We take an uniquely integrated approach to improving your natural fertility, looking at important lifestyle factors such as diet, nutrition and stress as well as doing a medical work-up with one of our specialist fertility doctors, if this is appropriate.
In our experience, too many couples who have had problems getting pregnant move too quickly into IVF without having had a thorough review of their fertility history and all-round reproductive health first. What this entails will differ from couple to couple and will depend on what, if anything, you have had done already, but it will often involve a number of critical tests and checks which, in conjunction with our assessment from your initial consultation, can help confirm whether it is sensible for you to keep trying naturally.
Step 1 may be a series of blood tests for the female partner. These will usually include an AMH and an FSH test (AMH is a substance produced by the ovaries.The level of AMH correlates to ovarian reserve, which declines with age. FSH is another ovarian predictor, which measures the responsiveness of the ovaries), along with your levels of LH, Oestradiol, Prolactin, Vitamin D, Thyroid, FBC and mid-luteal Progesterone. We will often run a detailed analysis of the male partner's semen (many NHS tests can often prove to be inadequate) at the same time.
Step 2 may be for the female partner to have an antral follicle count scan as well, which can be used alongside the AMH test to help estimate your ovarian reserve (the more visible follicles, the more eggs you are likely to have).
Step 3 would be a review of all the results, from which we would be able to formulate a forward path for you. This might involve simply taking more time to try naturally - but often in a more focussed and prepared way (which could, for example, involve some fertility awareness training to help you map your fertile times precisely) - or a treatment or treatments to overcome identified problem areas. Sometimes we might recommend a cycle of stimulated super-ovulation, using Clomid or gonadotrophins, or a round of IUI (intrauterine insemination) with stimulation. Or sometimes a cycle of mild IVF (an IVF cycle, but with a lower drug regime), which we have found gets better results for some women.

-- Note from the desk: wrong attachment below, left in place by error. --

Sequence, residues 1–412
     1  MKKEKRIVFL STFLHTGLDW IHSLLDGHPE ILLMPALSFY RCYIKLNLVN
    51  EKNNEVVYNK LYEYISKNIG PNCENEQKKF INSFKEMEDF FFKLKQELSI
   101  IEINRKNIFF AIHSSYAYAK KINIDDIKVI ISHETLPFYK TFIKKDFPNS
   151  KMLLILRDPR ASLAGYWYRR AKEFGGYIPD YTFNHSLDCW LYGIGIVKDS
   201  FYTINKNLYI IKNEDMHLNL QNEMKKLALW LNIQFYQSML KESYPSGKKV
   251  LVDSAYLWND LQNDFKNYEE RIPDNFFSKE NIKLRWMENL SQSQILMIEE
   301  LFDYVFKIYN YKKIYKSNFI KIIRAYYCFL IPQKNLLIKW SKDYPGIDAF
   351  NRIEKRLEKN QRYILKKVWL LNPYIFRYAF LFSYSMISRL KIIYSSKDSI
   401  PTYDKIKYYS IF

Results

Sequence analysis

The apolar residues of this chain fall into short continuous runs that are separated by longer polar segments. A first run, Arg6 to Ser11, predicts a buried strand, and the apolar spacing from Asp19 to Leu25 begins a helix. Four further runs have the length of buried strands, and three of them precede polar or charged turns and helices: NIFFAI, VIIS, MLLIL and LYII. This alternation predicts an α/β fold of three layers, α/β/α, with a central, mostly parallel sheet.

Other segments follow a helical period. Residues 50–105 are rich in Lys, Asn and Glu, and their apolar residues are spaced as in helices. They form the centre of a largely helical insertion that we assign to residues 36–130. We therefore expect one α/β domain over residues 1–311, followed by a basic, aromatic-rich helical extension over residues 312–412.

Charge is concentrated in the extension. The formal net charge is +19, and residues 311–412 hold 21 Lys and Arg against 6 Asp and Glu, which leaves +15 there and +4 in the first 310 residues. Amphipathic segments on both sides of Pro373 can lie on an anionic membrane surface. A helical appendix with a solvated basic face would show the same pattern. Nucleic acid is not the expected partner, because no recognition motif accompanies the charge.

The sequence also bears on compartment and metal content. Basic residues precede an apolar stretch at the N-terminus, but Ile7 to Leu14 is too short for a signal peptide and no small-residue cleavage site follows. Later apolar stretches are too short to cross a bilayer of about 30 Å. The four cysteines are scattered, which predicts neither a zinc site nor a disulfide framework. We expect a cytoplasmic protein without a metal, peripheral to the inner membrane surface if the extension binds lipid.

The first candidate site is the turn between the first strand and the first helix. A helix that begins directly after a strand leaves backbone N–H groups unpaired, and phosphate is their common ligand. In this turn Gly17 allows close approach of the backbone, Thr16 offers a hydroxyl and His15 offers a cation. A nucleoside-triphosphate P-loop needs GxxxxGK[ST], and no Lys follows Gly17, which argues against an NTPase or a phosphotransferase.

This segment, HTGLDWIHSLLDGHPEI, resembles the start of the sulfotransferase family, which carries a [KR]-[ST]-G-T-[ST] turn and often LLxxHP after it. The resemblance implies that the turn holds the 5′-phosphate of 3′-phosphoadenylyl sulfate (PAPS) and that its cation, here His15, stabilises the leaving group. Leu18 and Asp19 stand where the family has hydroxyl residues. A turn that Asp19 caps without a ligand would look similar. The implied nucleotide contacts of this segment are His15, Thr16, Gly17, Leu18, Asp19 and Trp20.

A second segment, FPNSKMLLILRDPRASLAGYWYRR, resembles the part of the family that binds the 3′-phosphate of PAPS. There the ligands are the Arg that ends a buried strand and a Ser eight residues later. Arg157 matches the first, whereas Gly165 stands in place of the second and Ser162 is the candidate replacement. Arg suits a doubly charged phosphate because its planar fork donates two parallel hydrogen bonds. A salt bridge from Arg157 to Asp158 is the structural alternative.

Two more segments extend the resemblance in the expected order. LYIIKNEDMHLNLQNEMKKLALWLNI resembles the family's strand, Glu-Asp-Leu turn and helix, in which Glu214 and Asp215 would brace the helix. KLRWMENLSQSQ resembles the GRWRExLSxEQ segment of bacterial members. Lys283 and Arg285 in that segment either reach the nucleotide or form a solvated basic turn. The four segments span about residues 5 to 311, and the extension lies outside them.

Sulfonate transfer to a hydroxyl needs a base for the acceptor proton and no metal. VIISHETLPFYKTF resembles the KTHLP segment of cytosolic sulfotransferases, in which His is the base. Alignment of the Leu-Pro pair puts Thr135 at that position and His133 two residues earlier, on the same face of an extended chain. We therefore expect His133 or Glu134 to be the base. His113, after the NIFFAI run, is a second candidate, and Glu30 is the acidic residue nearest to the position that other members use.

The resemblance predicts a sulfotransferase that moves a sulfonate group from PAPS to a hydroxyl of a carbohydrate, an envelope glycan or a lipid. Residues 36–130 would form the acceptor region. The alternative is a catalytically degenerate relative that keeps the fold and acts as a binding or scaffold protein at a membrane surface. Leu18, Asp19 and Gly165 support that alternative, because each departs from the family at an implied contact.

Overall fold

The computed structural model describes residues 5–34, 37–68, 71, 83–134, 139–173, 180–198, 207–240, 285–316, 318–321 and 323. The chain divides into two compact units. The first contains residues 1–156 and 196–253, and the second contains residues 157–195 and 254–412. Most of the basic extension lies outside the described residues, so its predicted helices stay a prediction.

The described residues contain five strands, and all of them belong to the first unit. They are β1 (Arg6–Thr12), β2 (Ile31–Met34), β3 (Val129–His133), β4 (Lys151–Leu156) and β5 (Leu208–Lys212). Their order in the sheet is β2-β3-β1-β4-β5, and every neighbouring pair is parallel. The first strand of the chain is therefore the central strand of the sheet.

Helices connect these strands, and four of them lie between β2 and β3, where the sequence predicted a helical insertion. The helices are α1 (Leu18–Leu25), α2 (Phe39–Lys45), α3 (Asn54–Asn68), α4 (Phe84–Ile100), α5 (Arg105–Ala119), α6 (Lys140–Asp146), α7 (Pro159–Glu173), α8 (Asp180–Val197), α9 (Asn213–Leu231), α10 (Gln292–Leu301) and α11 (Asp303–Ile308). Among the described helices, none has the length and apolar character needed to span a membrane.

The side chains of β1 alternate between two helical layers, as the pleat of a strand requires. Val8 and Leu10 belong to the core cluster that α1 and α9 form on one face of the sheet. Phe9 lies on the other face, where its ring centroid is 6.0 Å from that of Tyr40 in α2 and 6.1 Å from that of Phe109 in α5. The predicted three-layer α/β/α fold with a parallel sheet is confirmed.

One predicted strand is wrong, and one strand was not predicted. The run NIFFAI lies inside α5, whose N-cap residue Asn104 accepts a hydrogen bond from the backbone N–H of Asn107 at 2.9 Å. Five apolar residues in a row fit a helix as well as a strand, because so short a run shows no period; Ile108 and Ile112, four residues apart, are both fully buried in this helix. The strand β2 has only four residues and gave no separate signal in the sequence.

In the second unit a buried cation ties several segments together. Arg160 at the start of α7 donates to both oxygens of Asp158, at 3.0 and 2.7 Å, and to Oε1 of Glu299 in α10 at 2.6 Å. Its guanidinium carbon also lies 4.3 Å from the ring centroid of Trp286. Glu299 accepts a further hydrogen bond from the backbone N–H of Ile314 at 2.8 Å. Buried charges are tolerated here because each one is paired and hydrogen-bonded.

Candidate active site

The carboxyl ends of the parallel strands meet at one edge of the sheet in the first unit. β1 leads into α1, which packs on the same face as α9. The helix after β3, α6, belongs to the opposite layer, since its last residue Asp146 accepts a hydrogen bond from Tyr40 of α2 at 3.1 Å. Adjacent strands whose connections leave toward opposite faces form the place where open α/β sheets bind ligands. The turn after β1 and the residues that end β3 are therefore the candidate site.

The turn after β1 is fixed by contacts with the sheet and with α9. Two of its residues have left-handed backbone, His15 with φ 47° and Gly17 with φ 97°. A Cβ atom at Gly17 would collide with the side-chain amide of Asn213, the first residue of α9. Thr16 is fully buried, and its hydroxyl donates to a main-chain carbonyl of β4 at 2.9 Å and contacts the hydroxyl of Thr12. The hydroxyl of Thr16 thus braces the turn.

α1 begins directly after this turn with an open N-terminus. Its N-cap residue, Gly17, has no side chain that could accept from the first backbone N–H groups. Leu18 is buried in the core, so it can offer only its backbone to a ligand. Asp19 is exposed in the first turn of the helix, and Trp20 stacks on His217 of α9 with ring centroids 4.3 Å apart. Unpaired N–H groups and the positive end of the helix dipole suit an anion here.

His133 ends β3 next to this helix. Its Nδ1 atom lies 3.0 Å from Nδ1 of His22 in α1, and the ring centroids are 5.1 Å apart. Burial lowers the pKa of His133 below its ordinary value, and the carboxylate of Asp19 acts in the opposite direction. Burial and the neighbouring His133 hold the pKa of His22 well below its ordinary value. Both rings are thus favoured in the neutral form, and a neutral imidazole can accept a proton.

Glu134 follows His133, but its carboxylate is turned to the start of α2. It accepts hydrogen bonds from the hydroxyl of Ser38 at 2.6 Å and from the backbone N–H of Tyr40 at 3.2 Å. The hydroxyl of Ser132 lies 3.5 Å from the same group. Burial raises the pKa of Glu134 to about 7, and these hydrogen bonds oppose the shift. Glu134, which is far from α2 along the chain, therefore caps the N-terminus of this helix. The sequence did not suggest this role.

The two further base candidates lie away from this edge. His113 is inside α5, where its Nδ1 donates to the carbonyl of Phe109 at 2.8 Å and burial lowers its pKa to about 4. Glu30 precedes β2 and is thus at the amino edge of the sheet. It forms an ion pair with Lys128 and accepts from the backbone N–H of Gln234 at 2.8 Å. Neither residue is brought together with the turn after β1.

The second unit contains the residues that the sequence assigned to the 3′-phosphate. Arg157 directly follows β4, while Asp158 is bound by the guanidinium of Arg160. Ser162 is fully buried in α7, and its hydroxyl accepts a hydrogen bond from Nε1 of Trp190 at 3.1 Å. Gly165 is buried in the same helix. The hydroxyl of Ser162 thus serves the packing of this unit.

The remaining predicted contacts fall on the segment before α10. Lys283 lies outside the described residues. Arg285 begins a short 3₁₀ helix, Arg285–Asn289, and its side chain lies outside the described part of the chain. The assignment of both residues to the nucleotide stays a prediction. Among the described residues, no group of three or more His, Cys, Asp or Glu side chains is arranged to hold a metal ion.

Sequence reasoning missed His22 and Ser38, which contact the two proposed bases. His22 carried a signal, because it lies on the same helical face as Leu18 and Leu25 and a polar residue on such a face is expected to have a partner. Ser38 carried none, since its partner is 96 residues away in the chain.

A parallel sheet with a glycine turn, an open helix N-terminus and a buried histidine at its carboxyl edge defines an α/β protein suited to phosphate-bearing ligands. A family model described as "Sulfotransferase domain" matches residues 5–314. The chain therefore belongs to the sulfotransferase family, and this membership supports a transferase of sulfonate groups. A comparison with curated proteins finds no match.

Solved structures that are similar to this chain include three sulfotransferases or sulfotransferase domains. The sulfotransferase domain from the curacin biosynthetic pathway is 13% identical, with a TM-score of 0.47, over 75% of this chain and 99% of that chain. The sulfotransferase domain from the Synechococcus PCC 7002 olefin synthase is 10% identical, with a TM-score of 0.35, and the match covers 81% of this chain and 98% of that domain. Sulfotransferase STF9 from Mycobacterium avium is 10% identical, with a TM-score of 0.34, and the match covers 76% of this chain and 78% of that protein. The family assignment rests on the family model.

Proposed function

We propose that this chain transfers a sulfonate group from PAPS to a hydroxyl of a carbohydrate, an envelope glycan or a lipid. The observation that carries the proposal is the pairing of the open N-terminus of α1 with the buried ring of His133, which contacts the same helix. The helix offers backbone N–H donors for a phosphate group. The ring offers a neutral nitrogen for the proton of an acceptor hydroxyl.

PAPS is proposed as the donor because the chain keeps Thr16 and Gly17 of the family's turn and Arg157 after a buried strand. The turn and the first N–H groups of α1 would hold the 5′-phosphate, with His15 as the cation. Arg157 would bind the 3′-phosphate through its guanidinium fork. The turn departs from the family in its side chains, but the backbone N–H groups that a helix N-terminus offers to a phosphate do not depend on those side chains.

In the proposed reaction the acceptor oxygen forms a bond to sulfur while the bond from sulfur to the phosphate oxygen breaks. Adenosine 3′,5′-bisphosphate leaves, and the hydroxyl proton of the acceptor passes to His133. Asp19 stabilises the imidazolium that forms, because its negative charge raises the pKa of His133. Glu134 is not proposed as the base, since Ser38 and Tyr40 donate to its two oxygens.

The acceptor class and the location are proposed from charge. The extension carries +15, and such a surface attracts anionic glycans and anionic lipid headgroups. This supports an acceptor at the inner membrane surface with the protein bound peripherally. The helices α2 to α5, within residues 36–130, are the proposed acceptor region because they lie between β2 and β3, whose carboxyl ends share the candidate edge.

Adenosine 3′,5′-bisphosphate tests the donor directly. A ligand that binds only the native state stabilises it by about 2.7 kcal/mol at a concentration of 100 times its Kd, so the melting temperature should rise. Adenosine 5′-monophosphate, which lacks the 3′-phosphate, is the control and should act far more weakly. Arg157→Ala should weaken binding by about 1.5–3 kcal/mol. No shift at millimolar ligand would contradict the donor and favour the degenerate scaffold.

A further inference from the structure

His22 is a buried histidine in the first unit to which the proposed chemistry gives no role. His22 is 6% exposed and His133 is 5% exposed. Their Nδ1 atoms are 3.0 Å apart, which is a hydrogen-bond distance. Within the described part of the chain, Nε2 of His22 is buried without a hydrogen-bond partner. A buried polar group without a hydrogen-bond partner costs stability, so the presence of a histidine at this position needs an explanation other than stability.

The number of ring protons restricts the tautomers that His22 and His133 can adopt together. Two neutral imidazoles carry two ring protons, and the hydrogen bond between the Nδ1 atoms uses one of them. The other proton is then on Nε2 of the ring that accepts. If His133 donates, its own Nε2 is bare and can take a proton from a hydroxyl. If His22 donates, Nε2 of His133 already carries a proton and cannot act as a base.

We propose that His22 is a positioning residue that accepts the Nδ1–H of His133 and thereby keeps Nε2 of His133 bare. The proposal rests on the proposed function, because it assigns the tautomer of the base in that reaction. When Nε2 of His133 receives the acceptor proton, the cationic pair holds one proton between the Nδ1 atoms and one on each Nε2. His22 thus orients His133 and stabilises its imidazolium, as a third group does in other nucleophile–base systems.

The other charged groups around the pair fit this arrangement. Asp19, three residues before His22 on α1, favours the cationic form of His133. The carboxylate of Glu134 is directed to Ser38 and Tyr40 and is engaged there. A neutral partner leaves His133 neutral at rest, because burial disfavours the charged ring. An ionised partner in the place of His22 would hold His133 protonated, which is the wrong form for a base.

Whatever we do recommend you can be sure that it is what we believe is the most natural and least invasive way forward for you.
There are a number of other tests that we may also use prior to the start of any treatment, in order to check for tubal patency (openness) and to look in more detail at the other reproductive organs for possible anatomical problems that may be interfering with your ability to get pregnant.
The simplest test to check a woman's tubes is with an X ray and dye test called a hystero-salpinogram or HSG (hyster = uterus; salpinges = tubes). The radio-opaque dye is inserted through the cervical opening, so this is similar to having a smear test. The x-ray pictures give an outline of the womb and tubes. The HSG can identify areas of adhesions (scarring), polyps and fibroids, as well as congenital abnormalities. The dye may show up blockages anywhere along the tube. The dye itself may clear very minor blockages and some women will conceive purely as a result of this procedure.
We also use a similar, slightly more sophisticated test known as a HyCoSy. This stands for hystero-salpingo-contrast sonography and uses an ultrasound scan and contrast medium to get a more detailed image of the womb, ovaries and tubes. The test is used to check for polycystic ovaries, fibroids, polyps and other problems in the pelvis, as well as checking that the tubes are patent.
Some women may need a laparoscopy and dye test. This is a more invasive investigation, but it is often considered the "gold standard" test. It is usually performed if a woman has a history of pelvic surgery (such as an appendicectomy), pelvic pain or other symptoms, or if an HSG highlights a possible problem. A laparoscopy requires a general anaesthetic and two or three very small incisions - one around your belly-button and one or two lower down either side of your pelvis (lower abdomen). A small instrument known as a laparoscope is used to take very detailed photographs. Laparoscopy has the advantage of being able to look all around at the outside of the tubes and womb to check for adhesions (scarring) and endometriosis. In order to get a good view of your insides, we first use carbon dioxide gas to inflate your abdomen. A dye is usually passed through the inside of the tubes to check they are open (patent). An exploratory laparoscopy gives us the opportunity to treat conditions such as endometriosis or adhesions at the same time. A hysteroscopy may be performed at the same time as laparoscopy.
This involves inserting a very narrow endoscope through the cervix to view the uterine cavity. It is not normally done in the first round of any investigations, but may be suggested to provide a more detailed view of the size and shape of the inside of the womb and to get a particularly detailed view of the endometrium (lining). This may be suggested prior to IVF and is usually done under a general anaesthetic. Hysteroscopy also allows us to diagnose or treat conditions such as polyps, fibroids, adhesions or a congenital septum.